Spinoza and the Spiritual Labyrinth

Spinoza’s philosophical monism structures a lot of how I think about our interactions with the world of spirits. The specifics of his work, his way of thinking and arguing as well as his assertions, are worth some attention in and of themselves, but this really isn’t the vest venue for that. Heck, I may not even be the best person for that anyway. Behind those specifics there is a monist sensibility (I’m big on that notion, aren’t I?) that is even more useful to me. That can be usefully described here, so let me see if I can get at that.

I’m going to do that by breaking the sensibility down into some grounding intuitions, that sense of how the world is ordered and how that order ought to shape how we think about it. I’m going to play a little loosely with Spinoza’s logic in order to get at this sensibility, in part because I draw different conclusions from it.

There is only one substance, or, if there is more than one substance, we can’t know about it. That is prety much the core of Spinoza (and my own) monism. The reasoning behind that is simple: to be receptive to something, you have to be like that thing in some way that allows you to interact with it. If another kind of thing existed, we would be too alien from each other to interact and so we would have no common being to ground interaction.

There are many ways that this substance can manifest. When Spinoza talks about thought and extension, ideas and matte, this is what he refers to. The key thing from my perspective is that there is no necessary limit on the number of modalities through which substance can manifest, even if we are only able to experience thought and extension.

Think about this. We share our being with the cosmos, but we may not share all of its modalities.

Spinoza makes some interesting observation while examining thought and extension. He notes that while they are both modalities of the same thing (substance), they behave quite differently. There are different rules that manifest in each modality. The way in which cause and effect operate in the modality of extension is different than the way thoughts and images develop in the modality of thought. Nonetheless, thought and and extension, idea and body, derive from and relate to the same substance.

Spinoza posits a parallelism and distinction of the two modalities, a sort of magisterium akin to Stephen Jay Gould’s effort to separate science and religion. What goes on in thought and what goes on in extension remain distinct and have no direct bearing on each other.

I don’t hold to that. That is where Spinoza and I differ to dramatic effect. You can probably blame or thank Gilles Deleuze for that. To my mind, if the modalities share a common substance, than they have an indeterminate but real relationship to each other. I do hold, though, that the modalities are real, that they reflect ontological variations within substance itself.

Which is why I suspect that the indeterminacy between thought and extension that occupies us on so many fronts these days (from magic to physics, medicine to spiritualism) won’t be resolved with new advances in knowledge. At the very best, the indeterminacy might be better clarified. To quote Mr. Monk, I could be wrong, but I don’t think so.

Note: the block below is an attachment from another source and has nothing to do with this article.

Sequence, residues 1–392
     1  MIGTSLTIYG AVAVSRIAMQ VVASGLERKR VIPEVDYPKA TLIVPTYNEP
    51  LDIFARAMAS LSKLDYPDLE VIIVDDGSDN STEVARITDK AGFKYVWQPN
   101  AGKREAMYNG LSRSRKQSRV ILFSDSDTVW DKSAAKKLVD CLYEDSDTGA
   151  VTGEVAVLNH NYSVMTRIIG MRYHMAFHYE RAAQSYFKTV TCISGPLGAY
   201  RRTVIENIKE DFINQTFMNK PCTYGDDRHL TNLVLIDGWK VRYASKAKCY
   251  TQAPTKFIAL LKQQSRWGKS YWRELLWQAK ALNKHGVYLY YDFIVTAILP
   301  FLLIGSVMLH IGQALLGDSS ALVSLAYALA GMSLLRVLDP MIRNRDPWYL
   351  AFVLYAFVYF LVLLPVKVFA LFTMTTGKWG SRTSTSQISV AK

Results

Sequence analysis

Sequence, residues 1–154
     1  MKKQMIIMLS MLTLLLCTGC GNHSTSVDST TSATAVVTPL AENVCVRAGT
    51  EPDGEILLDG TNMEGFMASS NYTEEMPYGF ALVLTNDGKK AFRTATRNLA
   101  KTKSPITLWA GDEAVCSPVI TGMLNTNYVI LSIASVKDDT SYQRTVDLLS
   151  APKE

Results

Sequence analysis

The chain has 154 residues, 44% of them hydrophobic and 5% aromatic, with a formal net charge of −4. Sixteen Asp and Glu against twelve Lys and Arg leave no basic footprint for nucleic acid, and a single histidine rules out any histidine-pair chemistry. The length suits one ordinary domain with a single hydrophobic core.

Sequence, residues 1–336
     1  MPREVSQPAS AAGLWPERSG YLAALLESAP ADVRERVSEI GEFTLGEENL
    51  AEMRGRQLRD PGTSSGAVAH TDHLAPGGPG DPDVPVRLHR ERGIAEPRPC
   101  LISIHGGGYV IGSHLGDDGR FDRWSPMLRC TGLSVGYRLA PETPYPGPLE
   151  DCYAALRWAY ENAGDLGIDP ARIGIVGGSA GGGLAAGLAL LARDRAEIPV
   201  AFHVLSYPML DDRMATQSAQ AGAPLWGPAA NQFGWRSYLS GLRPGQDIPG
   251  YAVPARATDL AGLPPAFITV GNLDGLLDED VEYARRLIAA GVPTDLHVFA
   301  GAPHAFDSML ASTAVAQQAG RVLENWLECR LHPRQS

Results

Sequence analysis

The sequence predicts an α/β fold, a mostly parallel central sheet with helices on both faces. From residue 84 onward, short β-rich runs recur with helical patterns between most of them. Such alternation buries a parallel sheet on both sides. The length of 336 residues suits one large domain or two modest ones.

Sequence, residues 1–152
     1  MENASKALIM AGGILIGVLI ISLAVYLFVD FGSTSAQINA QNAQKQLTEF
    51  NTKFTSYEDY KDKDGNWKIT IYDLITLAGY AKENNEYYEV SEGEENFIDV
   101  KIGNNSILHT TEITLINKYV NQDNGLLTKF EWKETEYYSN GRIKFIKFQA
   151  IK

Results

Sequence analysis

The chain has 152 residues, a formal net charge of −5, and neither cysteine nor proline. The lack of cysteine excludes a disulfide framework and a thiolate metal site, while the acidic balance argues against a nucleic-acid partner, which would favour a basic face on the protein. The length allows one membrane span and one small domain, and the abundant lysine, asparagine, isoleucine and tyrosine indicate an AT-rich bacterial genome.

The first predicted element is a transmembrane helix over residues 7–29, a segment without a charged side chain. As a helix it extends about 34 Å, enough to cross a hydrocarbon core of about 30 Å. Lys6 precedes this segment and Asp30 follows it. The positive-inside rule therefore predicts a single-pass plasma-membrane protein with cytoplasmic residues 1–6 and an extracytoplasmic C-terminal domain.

When we get to the realm of spirited and/or spiritual encounters, this approach gives some helpful concepts with which to think about them. If there are other modalities of substance besides thought and extension, then they would likely have a similarly indeterminate but real relationship to the modalities through which we experience the world.

These indeterminicies would be even harder to clarify than that which holds between thought and extension, but would provide us with a point at which we are nonetheless able to interact with beings whose awareness operates across modalities alien to our own. Again, the thing to remember here is that all of these beings, including ourselves, share a common substance. The commonality is what makes our interaction, however vague and indirect, possible.

How we think (thought modality) and act (extension modality) have real results in substance and those real results impact those who operate in other modalities, even if we aren’t aware of them. And the reverse is true, too. Operations that transpire in other modalities have results in substance that we can experience through our own modalities, even if we can’t appreciate their sources clearly.

‘Indeterminacy’ is abstract, but when we are talking about spirit work, this is the visionary world that we place ourselves in. Whether it is dark or suffused with light, oceanic or flaming, it instills in us a sense of depth and mystery through and in which spiritual messages and images appear.

This post is fairly dense, so I won’t go too much farther with it right now. I just want to underline the importance of this indeterminate space for spiritual work and that, while it is necessary to clarify that material through thought and action, we must not hide from ourselves the many ways it cannot be resolved for us.

2 thoughts on “Spinoza and the Spiritual Labyrinth

  1. Pingback: Aeon and Modality | Disrupt & Repair

  2. Pingback: Asymmetrical Monism | Disrupt & Repair

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